The Institute for Supply Management (ISM) said its index of manufacturing activity rose to 56.0 last month from December’s reading of 54.5. That was its highest level since November 2014. A reading above 50.0 indicates expansion in the manufacturing sector, below indicates contraction.
The ISM indicated that the survey suggested that the overall economy had grown for the 92nd consecutive month. The new orders index rose to 60.4 in January from 60.3 a month earlier. The employment index advanced to 56.1 last month from the prior 52.8 and compared to forecasts for an increase to 53.1. There was also a big pop in the prices index.
The U.S. Census Bureau reports construction spending in December 2016 was estimated at a seasonally adjusted annual rate of $1,181.5 billion, 0.2 percent below the revised November estimate. The December figure is 4.2 percent above the December 2015 estimate. The value of construction in 2016 was $1,162.4 billion, 4.5 percent above spending in 2015.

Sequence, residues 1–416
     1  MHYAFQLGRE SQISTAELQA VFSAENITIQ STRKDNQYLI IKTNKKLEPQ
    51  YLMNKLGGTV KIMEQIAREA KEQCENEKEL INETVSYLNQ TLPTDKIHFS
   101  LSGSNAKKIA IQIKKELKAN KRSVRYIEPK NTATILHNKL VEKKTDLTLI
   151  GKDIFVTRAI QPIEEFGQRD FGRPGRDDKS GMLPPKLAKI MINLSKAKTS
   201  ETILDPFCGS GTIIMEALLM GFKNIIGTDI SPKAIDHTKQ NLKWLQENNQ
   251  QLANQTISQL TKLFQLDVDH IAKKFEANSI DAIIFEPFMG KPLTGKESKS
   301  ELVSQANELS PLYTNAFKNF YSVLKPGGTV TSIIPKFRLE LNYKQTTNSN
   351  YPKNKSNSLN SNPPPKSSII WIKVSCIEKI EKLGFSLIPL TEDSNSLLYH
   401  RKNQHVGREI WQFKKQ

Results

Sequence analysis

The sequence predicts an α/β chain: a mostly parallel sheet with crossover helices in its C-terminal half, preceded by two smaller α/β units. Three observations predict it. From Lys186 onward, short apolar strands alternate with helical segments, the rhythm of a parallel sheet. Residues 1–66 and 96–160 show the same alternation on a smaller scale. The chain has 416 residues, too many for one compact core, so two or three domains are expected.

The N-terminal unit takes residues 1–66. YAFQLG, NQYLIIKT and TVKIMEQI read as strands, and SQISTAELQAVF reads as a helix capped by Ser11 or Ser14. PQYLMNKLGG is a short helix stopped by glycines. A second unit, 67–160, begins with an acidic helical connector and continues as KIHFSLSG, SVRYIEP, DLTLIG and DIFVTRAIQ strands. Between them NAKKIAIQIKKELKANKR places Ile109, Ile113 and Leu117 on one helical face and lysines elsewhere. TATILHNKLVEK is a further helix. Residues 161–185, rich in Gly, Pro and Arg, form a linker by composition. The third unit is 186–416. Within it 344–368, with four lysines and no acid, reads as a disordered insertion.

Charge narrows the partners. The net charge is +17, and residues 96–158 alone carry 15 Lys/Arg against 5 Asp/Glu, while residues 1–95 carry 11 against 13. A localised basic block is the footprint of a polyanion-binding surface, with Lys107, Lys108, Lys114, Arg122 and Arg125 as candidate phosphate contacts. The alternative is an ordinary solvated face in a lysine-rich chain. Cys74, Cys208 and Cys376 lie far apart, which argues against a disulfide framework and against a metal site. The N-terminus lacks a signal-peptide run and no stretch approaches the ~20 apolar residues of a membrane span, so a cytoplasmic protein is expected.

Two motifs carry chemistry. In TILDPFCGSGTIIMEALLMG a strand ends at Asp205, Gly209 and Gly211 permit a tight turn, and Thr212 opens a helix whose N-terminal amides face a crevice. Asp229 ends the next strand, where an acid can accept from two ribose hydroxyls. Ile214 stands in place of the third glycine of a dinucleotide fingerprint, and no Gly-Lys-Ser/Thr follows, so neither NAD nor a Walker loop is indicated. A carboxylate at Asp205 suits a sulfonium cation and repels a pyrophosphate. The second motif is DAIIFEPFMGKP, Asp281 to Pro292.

Facebook reported a blockbuster fourth quarter, with $8.81 billion in revenue and 1.86 billion monthly active users and 1.23 billion daily active users. The company managed to beat growth expectations across the board, despite concern that it’s running out of room to place ads in the News Feed.
Facebook made an average of $4.83 in revenue per user, globally, over the last quarter. In the US and Canada, where disposable income is high and Facebook is well-established, each user was worth $19.81. Part of the company’s success is its ability to make more and more money off its existing users. Ad revenue shot up 53% over the quarter.
It wasn’t all sunshine and daffodils: a Dallas jury has ordered Facebook to pay $500 million in damages for a lawsuit that claims its Oculus VR subsidiary was based on stolen tech. The money will go to game maker Zenimax, who filed the lawsuit against Oculus in 2014. Oculus wasn’t found guilty of stealing trade secrets from Zenimax, but the jury did find that Oculus co-founder Palmer Luckey violated a signed non-disclosure agreement. Facebook says it will appeal.